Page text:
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In personal care, beeswax is used for oil gelling capabilities, structuring, thickening, film forming and can aid in emulsification.

Orange Wax

The protective layer of the fruit, the peel, provides a barrier and stops the orange from drying out. The botanical lipids within the peel are also beneficial to our skin, acting as emollients to shield, moisturize and lubricate the skin.

The Functional Advantages of Natural Waxes in Traditional Soaps

Alexandra G. McMahon, B.S., Research & Development Chemist, Koster Kuenen, Inc.
Belen M. Lemieux, M.S., Research & Development Laboratory Manager, Koster Keunen, Inc., lemieux@kosterkeunen.com

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Humans have been manufacturing soap since at least 2800 B.C., modifying and perfecting their recipes over the centuries. Today’s traditional soap bars are made via saponification of triglycerides: the alkaline hydrolysis of fatty ester bonds, leading to mainly C16-C18 fatty acid soaps and glycerol. In this paper, we explore the use of Natural Waxes from Koster Keunen, Inc. as starting raw materials in soap formulations, both alone and as additives to traditional triglycerides. Twelve Natural Waxes were blended with olive oil at 50/50 ratios, each blend was fully saponified, and the reaction products were evaluated for different properties and compared to a standard olive oil soap bar. It was determined through experimentation that each Saponified Natural Wax or Saponified Natural Wax Blend made a chemically complex finished soap, with different properties from the control and from each other. Some of the benefits encountered included improved bar hardness, a longer lifespan, more hydrophobicity, and innovative INCI declarations. 

Introduction and Background

Few personal care products can have their history traced as far back as soap. While the historical accounts on soap and soapmaking are rife with legend, experts agree that the earliest evidence dates back to 2800 BC in Ancient Babylon, when a soap-like substance was discovered during an archaeological dig1.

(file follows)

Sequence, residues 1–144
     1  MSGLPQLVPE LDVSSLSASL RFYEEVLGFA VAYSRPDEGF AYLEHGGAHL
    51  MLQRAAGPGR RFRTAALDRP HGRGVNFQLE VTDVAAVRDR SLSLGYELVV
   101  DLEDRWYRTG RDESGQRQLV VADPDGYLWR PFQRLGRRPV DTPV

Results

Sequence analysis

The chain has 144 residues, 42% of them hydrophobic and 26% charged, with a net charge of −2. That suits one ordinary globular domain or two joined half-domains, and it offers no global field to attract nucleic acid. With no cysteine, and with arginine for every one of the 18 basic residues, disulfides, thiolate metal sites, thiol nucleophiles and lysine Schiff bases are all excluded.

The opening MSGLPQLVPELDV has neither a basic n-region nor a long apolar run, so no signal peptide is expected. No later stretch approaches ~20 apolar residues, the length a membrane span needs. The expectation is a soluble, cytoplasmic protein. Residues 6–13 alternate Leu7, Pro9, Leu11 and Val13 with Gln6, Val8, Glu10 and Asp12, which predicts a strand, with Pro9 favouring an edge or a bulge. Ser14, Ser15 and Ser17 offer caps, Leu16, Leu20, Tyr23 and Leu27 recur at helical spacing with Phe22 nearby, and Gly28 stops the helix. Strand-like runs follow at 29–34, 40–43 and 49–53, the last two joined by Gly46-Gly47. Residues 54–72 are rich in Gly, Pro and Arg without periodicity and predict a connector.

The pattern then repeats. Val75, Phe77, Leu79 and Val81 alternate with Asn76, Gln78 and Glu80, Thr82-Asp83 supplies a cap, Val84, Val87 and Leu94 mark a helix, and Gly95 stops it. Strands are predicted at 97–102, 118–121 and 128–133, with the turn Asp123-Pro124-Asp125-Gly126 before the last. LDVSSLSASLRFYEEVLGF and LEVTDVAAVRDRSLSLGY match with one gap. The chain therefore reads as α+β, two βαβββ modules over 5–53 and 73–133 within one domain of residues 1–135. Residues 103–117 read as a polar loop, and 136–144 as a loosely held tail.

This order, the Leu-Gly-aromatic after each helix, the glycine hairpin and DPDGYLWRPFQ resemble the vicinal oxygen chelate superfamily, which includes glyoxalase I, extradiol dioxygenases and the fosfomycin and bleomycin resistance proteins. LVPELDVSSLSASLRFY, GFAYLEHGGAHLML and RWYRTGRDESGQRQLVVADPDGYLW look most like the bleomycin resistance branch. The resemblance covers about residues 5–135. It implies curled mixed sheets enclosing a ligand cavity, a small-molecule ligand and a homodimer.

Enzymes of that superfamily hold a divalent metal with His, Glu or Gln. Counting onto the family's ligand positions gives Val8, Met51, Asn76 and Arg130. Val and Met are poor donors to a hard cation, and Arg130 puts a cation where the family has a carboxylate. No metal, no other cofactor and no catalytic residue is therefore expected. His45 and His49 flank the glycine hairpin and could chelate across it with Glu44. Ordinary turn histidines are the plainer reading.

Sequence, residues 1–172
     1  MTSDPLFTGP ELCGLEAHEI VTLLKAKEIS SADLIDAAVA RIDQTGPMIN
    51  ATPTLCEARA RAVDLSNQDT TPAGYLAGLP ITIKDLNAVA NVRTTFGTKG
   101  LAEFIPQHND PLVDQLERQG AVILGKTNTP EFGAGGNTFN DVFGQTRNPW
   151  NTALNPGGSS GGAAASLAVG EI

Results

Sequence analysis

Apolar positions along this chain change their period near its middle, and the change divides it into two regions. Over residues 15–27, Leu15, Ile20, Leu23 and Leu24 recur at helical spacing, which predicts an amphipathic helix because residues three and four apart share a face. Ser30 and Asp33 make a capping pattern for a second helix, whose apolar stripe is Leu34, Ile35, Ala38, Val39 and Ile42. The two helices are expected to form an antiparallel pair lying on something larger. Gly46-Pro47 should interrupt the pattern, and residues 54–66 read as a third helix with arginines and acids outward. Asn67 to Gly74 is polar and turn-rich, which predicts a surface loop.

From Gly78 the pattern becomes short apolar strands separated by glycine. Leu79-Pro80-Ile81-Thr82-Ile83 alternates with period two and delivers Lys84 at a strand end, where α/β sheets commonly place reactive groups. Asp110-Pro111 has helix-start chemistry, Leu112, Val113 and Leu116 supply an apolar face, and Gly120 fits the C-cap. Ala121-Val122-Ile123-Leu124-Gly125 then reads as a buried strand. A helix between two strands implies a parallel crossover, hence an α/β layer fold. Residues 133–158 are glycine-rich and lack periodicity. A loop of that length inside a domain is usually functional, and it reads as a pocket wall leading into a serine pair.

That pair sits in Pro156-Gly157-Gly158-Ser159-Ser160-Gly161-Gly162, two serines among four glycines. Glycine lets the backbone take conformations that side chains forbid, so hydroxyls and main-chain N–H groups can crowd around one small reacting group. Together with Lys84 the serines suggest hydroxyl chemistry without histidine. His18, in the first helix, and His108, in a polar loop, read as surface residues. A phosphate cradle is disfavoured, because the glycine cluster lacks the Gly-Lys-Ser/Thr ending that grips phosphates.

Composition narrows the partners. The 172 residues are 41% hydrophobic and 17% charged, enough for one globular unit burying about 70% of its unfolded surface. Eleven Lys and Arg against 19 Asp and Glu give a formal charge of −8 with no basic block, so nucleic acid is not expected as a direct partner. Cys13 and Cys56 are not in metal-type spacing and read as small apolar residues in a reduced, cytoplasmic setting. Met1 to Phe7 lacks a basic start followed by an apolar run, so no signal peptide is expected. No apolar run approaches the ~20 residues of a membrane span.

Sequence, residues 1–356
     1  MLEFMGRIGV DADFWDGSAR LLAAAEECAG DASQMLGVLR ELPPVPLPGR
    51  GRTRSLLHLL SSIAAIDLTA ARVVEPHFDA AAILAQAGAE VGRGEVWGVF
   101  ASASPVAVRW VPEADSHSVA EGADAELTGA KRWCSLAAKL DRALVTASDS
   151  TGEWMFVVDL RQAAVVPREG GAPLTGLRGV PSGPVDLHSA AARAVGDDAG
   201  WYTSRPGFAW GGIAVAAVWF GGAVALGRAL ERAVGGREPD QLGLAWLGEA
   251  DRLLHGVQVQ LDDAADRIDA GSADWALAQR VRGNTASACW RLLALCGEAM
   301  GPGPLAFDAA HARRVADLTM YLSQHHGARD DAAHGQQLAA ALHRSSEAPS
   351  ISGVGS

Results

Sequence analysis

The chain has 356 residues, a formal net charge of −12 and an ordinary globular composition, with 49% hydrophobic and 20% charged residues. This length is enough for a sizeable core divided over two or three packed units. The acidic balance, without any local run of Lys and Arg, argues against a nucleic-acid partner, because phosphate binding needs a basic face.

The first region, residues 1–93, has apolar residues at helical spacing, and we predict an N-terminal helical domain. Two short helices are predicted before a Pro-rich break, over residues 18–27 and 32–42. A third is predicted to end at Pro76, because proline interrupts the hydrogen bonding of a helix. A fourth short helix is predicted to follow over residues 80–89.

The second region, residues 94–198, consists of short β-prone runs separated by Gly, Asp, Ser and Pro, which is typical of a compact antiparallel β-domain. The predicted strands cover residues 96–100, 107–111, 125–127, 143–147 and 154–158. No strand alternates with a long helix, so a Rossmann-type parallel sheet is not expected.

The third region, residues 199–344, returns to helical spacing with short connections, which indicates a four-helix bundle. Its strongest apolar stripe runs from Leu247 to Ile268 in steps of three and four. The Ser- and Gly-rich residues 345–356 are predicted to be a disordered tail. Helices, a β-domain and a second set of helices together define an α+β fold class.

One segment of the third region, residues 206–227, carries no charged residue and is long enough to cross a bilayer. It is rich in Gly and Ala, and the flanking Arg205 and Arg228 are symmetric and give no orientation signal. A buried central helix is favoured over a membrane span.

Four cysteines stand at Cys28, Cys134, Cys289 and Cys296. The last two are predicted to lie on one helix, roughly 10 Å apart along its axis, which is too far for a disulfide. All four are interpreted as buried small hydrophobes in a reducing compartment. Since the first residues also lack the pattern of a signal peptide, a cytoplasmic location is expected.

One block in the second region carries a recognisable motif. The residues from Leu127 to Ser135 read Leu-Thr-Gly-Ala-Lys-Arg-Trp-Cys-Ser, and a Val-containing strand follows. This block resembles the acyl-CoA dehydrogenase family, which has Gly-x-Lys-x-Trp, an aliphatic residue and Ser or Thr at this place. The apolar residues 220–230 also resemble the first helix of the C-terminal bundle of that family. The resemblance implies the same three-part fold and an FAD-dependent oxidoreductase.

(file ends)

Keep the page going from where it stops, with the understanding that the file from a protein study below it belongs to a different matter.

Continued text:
Other records show ancient Egyptians, Greeks and Romans also made and used soap for thousands of years, perfecting the technique over time. By 1100 AD, soap making was an established practice in Mediterranean countries with easy access to olive oil, a key ingredient in Castille Soap, which was widely traded at the time2.

Soap was introduced to the Americas in the 17th century, when soap makers arrived in Jamestown, VA1. Over the next 200 years, as the United States industrialized, soapmaking evolved into one of the fastest growing businesses, with P&G’s Ivory being one of the first to gain national distribution3. However, food and fat shortages during World War I led German engineers to introduce synthetic replacements for soap, now known as detergents4. American consumers quickly embraced detergents due to their efficiency, availability, and low price; moving traditional soaps over time to niche market segments, particularly “Indie” brands, artisanal soap makers, and crafters5.

In recent years, and specifically at the onset of the COVID-19 Pandemic, the demand for hand soap has escalated. In fact, the global hand soap market is forecasted to grow by 6.7% from 2020 to 2030, with the household segment accounting for over 70% of the market share6. Although it is not clear what percentage of said growth refers to traditional soap bars (versus “syndet” bars or liquid detergents), current consumer trends, such as natural ingredient demand, small business support, and plastic reduction seem to support the persistence of traditional soaps7, 8.

Soap Chemistry and The Role […]

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